The Cleveland Cavaliers' best player is LeBron James, who you've surely heard is quite good at basketball. James' shooting is way down by his standards, but he's still the most difficult man in the NBA to stop.
On paper, the Golden State Warriors are well-equipped to do the job. They had the league's best defense this year, which may come as a surprise to those who have never heard of pace-adjusted stats. If anyone in the NBA can stop LeBron, it's these Warriors.
Yet, LeBron has made a career out of taking the best-prepared defensive schemes and shredding them. The Warriors need to come up with a strategy that not only eliminates his own effectiveness, but also the many ways he aides his teammates. Nobody has been able to do that this postseason.
The Warriors can, but it may require a daring philosophy that few teams have the guts to try and the personnel to pull it off. This is why the Warriors should think about not double-teaming the best basketball player on the planet.
Because the Warriors are the only team with the personnel to guard him straight up
Few teams have even one player that could conceivably take the primary LeBron assignment. The Warriors arguably have five. Three (Harrison Barnes, Andre Iguodala and Draymond Green) are obvious, while two (Klay Thompson and Shaun Livingston) can hang in there on switches.
Unfortunately, Steve Kerr can only choose one at a time, and that choice comes with several ripple effects. None of these options are as ideal as Kawhi Leonard in last year's finals. Each has drawbacks.
Barnes has quick feet and showed in the Memphis series that he can battle with post players, but he's still a little green at using his leverage in short spaces. It didn't take long for LeBron to go to work on Barnes when these two teams played in the regular season.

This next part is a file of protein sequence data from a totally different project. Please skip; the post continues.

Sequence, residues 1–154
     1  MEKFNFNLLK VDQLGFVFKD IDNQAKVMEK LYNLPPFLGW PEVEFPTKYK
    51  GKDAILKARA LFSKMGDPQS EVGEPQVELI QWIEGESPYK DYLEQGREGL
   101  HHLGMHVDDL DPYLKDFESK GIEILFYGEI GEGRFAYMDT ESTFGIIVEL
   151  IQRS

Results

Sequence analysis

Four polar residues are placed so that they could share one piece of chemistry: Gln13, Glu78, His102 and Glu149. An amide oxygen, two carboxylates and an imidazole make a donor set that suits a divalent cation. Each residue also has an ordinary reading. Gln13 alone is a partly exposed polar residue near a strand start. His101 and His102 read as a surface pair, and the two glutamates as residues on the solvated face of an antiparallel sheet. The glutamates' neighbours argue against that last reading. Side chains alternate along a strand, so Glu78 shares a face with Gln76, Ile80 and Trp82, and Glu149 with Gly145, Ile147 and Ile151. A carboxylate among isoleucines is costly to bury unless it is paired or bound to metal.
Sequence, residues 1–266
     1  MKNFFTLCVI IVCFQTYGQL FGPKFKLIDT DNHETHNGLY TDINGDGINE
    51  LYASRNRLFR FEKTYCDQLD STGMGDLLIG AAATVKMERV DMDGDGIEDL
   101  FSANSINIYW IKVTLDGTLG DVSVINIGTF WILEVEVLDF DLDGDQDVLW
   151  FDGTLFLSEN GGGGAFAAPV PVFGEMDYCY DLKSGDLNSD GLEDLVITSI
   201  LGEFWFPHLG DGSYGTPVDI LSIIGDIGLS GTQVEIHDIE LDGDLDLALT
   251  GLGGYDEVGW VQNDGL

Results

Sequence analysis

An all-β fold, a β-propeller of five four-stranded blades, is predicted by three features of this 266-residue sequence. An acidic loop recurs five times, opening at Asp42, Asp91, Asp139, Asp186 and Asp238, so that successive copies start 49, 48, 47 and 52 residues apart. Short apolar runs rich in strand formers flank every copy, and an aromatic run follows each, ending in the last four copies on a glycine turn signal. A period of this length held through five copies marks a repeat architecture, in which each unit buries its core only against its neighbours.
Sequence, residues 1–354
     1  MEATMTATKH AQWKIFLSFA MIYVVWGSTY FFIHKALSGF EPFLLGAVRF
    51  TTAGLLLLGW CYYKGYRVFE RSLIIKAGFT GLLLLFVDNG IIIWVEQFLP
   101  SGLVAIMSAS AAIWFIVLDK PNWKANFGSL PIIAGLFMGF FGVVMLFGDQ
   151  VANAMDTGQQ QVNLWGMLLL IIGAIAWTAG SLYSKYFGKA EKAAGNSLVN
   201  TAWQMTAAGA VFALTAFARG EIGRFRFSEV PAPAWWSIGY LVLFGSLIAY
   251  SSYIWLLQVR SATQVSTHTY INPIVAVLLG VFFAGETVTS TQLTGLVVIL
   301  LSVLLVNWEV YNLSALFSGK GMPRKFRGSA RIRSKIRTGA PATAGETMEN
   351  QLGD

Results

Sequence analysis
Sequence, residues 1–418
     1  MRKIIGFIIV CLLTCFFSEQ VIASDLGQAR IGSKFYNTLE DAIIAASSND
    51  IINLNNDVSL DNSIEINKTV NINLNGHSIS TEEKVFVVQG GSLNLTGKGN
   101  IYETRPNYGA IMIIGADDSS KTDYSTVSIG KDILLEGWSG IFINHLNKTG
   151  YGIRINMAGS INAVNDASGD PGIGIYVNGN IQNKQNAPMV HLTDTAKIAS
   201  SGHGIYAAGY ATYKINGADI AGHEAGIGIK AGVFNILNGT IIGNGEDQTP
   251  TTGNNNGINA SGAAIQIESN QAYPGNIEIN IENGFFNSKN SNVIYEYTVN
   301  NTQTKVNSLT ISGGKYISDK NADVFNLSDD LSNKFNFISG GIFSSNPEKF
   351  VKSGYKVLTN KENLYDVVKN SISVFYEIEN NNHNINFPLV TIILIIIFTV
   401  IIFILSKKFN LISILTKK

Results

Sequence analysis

Iguodala is a better defensive option if James were only a pick-and-roll player. It's hard to screen Iguodala, at least on the plays where he's fully dialed in. The Cavaliers couldn't on this sequence in the February game and paid for it.
But at 215 pounds, Iguodala gives up a lot of size in the post, where James is scoring more often because his jumper isn't working. The Warriors will find that Iguodala's ball denial and help defense are more valuable than whatever chance he has preventing James from backing him into the rim.
That leaves Green. If you took everyone else off the court and had to choose the Warrior most likely to stop James from the free-throw line without any help, Green is the obvious winner. He's quick enough to stay with LeBron and physical enough to body him in the low post. Green spent most of the February game between these two teams guarding Kevin Love, which won't be a problem in this series.
But basketball isn't played in this vacuum. If Green guards LeBron, then Green can't help on the defensive glass or trigger fast breaks himself by grabbing rebounds and going. Green may also struggle defending those James/point guard screen and rolls that confused the Hawks at times.
All that explains why Kerr actually kept Iguodala on James and stuck Green on J.R. Smith in the few third-quarter minutes without Love in February. The guess here is that the Warriors will begin traditionally with Barnes or Iguodala on James while keeping the Green adjustment in their back pocket. That's a major luxury for Kerr to have even if he doesn't have Kawhi Leonard.
Because LeBron knows how to beat double teams
We know Andrew Bogut will play a major role no matter what. Every team that's challenged LeBron, from the 2009 Magic to the 2014 Spurs, used size to lurk around the rim and dish out perfectly legal verticality punishment. Bogut and backup Festus Ezeli will be beat at times, but they have to make LeBron work.
How much he and others help is far more difficult to figure out. LeBron's a devastating battering ram with a photographic memory that probably wins at chess with his eyes closed. You can't just flood bodies to him because he'll find open shooters. Just ask the Atlanta Hawks, who overloaded their defense to James' side as soon as he caught the ball, only for LeBron to pick them apart every damn time.
The Warriors at least have more size to impair James' vision should they choose hard double-teams, but James is smart enough to shift his positioning to find the passing lanes he needs.